|Budget Amount *help
¥3,000,000 (Direct Cost : ¥3,000,000)
Fiscal Year 1998 : ¥1,300,000 (Direct Cost : ¥1,300,000)
Fiscal Year 1997 : ¥1,700,000 (Direct Cost : ¥1,700,000)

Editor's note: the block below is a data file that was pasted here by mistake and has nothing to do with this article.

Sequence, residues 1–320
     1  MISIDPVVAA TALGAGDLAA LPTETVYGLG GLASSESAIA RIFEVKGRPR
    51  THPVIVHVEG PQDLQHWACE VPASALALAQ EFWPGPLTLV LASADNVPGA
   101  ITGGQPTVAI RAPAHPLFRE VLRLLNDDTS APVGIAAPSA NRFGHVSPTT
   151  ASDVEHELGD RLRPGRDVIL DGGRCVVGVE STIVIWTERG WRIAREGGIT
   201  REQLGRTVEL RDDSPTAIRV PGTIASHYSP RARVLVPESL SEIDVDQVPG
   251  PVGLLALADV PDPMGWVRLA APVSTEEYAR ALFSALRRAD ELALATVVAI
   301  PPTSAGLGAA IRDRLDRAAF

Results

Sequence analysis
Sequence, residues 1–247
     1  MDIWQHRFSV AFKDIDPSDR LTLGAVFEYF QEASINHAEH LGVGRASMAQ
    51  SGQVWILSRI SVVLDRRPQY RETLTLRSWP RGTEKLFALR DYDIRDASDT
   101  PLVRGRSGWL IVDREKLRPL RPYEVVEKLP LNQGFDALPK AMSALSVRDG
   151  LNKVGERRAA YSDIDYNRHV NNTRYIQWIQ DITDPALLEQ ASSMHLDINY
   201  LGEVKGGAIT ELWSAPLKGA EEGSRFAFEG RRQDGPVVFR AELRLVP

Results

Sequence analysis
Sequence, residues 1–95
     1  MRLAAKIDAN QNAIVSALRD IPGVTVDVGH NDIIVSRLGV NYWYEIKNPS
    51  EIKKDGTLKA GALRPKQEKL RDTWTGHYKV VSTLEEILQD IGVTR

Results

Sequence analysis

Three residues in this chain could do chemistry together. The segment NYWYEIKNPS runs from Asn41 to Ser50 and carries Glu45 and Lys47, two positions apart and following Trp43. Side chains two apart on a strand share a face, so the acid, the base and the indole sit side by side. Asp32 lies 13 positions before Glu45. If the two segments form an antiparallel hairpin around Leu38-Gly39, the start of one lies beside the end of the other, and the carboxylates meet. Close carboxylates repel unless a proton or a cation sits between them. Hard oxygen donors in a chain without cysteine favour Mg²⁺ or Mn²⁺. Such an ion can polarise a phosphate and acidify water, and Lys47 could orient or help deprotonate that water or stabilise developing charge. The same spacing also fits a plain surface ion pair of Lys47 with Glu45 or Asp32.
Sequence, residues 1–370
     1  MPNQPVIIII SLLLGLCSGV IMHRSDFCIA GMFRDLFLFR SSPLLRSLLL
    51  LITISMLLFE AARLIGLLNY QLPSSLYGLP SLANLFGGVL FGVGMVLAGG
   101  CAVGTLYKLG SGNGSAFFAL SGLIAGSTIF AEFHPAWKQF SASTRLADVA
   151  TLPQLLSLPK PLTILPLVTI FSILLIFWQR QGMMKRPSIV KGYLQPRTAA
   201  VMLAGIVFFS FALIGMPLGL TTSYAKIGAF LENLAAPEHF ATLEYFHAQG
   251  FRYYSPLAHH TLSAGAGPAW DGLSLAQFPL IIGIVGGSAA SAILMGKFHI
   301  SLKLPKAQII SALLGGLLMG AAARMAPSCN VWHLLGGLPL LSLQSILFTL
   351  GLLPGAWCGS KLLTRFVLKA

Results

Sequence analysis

The class II HLA molecule (HLA-DR, -DQ or -DP) is expressed on various antigen presenting cells (APC), B cells and activated T cells in humans. Proteolytic fragments of peptides processed by APC that match thc physicochemical character of the peptide-binding grooves formed by alpha and beta chains of class II HLA molecules are expressed on the surface of APC to be recognized by T cells. The highly polymorphic amino acid residues of the class II HLA molecules reside within the grooves, indicating that genetic polymorphism accounts for the wide spectrum of peptides capable of binding. Side chains of an HLA-DR1-binding peptide project from the peptide backbone approximately every 130ﾟC within the groove. Many DR-binding peptide motifs reported to date follow the 9-mer peptide pattern AxxBxCDxE, with A, B, C, D, and E residues functioning for binding to HLA, thereby designated as "anchors". On the contrary, the x residues are recognized by T cells through T-cell receptor (TCR). Analogue peptides with single residue substitutions at x residues changed signals in T cells, leading to quantitative (TCR antagonism, etc.) and qualitative (anergy/survival, etc.) changes in human T-cell clonal responses. Certain analogues changed signals in monocytes, leading to the up-regulation of IL-12. Furthermore, cross-linking of class II HLA molecules on monocytes using mAbs lead to up-regulation of monokines, in which HLA-DR, -DQ, and -DP play differential roles. Thus, HLA molecules when recognized by TCR, not only present peptide antigens to T cells but also transmit signals to APC, where the polymorphism and heterogeneity of HLA molecules play important roles.